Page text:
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December 14, 1956 - Image 3

Resource type:
Michigan Daily, 1956-12-14

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Chinese Socialism Successful


(Editor's Note: David Lncashire
Is a Canadian reporter who spent six
weeks in Communist China and
toured over 5,500 miles.
PEIPING (A)-Lu Ku is a shab-
by, mud-walled village outside
Peiping which looks as though it
has not changed in the last thou-
sand years.
But behind the sunbaked walls
on the unpaved street where the
mule carts raise a cloud of brown
dust, lives have been altered and
traditions shattered.
Now a propaganda poster is
pasted to the wall of the outdoor
latrine. There are telephone wires
over the street and a red star,
over the door of the meeting hall.
Soviet Coop
Lu Ku is the center of the Sino-
Soviet Friendship Agricultural
Cooperative. It is a sample of the
socialization « which has trans-
formed the lives of 108 million
families in China and, to all ap-
pearances, brought them above the
minimum subsistence level that
has haunted the Chinese peasant
5,000 years.
Now a family in Lu Ku, by hand-
tilling the soil seven days a week
for eight months and working
with a mule cart on construction
projects for the other four,, can
earn the equivalent of $222 in a
good year. Even in China this is
not, much money. But it * more
than the peasants of Lu Ku have
ever earned before.
Without benefit of machinery,
workers from the 10 villages
which comprise the sprawling
communal farm have by official
account increased production from
the time-worn soil by 600 per cent
since socialization.
Farm Thrives
The Sino-Soviet is a thriving es-
tablishment of 1,504 families seven
miles from the heart of Peiping.
Polio Goal
A goal of $46,900 for the March
of Dimes in 1957 has been set by
the Washtenaw County Board of
the National Foundation for In-
fantile Paralysis, Mrs. James A.
Nichols, board chairman, an-
nounced yesterday.
This amount is one per cent
-of the total national March of
Dimes aim of $46,900,000 and falls
Sshort of the January, 1956 target
of $57,600- by 20 per cent. Mrs.
Nichols said that she expects the
final revenues to exceed the goal.
In 1956, the desired amount was
surpased 'by $16,000, and similar
success is forseen this year.
One-half of the contributions
collected in Washtenaw County
have always been donated to the
national headquarters which allo-
cates the funds into three main
areas: patient care, rehabilitation
and vaccination and scientific re-
search, public education and other
programs of advancement. Polio
has not yet been conquered. The
National Foundation predicts that
20,000 people will have contracted
it by the end of this year, while
10,000 new cases will arise in 1957.
20 Countries, 70 Days, $1305
Summer '57-shorter trip optional
255 Sequoia-Pasadena--Calif.

Lu Ku is the administrative
center of the farm, which began
in 1951 when 180 families pooledl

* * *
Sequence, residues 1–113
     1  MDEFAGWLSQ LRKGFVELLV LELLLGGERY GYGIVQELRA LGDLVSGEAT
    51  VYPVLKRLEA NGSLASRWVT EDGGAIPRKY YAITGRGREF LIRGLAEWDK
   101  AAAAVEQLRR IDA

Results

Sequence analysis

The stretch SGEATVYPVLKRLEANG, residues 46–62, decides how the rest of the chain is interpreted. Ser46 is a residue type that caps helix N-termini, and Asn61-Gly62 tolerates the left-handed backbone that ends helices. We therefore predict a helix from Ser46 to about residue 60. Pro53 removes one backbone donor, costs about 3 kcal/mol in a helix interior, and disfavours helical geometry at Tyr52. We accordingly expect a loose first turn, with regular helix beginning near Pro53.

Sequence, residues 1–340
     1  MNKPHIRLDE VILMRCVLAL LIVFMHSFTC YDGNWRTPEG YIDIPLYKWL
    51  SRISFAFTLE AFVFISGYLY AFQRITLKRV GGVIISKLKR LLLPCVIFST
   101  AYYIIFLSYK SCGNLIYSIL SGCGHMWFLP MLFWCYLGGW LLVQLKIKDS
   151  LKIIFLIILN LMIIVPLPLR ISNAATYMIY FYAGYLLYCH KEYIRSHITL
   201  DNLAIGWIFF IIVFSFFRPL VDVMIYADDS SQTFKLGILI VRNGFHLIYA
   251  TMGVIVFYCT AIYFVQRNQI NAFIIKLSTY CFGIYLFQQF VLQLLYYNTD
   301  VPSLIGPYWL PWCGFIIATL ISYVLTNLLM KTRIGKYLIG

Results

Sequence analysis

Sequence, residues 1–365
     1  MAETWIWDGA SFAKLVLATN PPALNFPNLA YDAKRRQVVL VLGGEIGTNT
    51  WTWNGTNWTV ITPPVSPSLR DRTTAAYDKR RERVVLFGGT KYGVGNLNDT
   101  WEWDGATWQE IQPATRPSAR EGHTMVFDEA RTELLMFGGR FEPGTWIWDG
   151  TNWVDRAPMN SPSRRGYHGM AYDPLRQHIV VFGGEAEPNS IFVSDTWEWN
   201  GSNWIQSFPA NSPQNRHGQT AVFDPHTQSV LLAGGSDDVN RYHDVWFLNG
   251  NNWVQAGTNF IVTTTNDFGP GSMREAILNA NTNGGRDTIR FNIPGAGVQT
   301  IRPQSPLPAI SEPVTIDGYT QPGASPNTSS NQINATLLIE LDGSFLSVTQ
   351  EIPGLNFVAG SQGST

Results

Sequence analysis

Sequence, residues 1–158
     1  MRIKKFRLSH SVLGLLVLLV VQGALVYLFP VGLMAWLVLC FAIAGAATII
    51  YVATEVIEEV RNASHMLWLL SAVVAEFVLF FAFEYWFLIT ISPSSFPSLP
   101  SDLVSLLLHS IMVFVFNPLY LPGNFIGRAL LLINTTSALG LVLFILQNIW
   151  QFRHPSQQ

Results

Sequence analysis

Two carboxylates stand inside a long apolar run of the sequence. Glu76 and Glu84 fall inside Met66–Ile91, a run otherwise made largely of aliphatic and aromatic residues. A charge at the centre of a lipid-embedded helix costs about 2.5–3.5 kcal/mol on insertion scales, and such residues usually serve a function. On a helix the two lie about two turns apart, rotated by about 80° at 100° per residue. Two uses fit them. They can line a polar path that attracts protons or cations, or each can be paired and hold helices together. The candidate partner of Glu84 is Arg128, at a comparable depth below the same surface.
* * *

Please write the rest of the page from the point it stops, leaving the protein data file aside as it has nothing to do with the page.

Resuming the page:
their labor under the rulebook
guidance of a staff of Communist;
cadres from Peiping.
Over tea, cigarettes and wet
peanuts pulled from the farm's
humanly fertilized soil, a director
named Kuo Chen told of the co-
operative's development. His prac-
ticed, sing-song recitation never
hesitated for a fact or statistic.
Kuo Chen has told the same story
many times to many visitors.
Story Told
Landlords were dispossessed and
land redistributed on a common
standard among the peasants in
1950. In 1951, said Kuo Chen, the
village families formed mutual aid
teams of five families each, re-
taining their own portion of land
but working together on them.
The following year, mutual aid
teams grew to 28, production in-
creased and a semisocialist coop-
erative was formed, with peasants
pooling their land and being paid
for land and labor contributed.

Then the 10 surrounding villages
combined into one advanced co-
op of 15,000 mou or about 5,000
acres. All land animals and
equipment were pooled into com-
mon ownership, and members

Judges Pick Winners In First
Round Of Campbell Debates

Year Abroad
May Involve
C 1
Crit Loss1V

"Increased interest

in junior


were paid only for labor contrib-
Landlords Subservient
Kue Chen was asked what hap-1
pened to the landlords who once
owned the village.
"The landlords and the rich
peasants (the interpreter used the
word 'kulaks') are now in the co-
operative," he replied.
"iWth equal privileges?"
"Oh, no. They're third-class
Second and third class 'co-op,
members have no voting rights
in community matters, and are'
paid on a salary basis. A second-
class comrade is a candidate mem-
ber while a third-class is one who
still opposes the movement theo-'
retically, but works on the farm
nevertheless. The director claimed
they received the same salary as
full members.

year study abroad has created a
problem in the transfer of cred-
its," Prof. Benjamin Wheeler, fac-
ulty counselor for special pro-
grams said yesterday.
Colleges and universities in the
United States have arranged with
various European institutions to
supervise students and arrange
for testing to transfer grades to
the school from which the stu-
dent expects his bachelor degree.
"Provided the undergraduate of
literary college studies under a
sponsored program," Prof. Wheel-
er added, "the University approves
of junior year study abroad. How-
ever, students who "free lance"
their study without supervision
under a sponsored program risk
transfer of course credits."
Congregational and Disciples Stu-
dent Guild, caroling and UCF party,
7:10 p.m., Guild House.
* ..
Michigan Christian Fellowship, John
Stott Lectures, "Where Will It End?"
8 p.m.. Rackham Lecture Hall.

-Daily-Norm Jacobs
CAMPBELL COMPETITION Judges hear law students debate a
mock court case in the first round of the annual Campbell

Changes in Oil Transportation
SForeseen By 'U' Professor

} _.. ...

International oil trade will un-
dergo major changes in the future,
Prof. Henry Benford of the engi-
neering college, has predicted. ,
Through the construction and
widespread use of large super-
tankers which would travel around
the Cape of Good Hope instead
of through the Suez Canal, the
transportation of oil can be made
far more economical, Benford told
a meeting of the Northern Calif-
ornia Section of the Society of
Naval Architects and Marine En-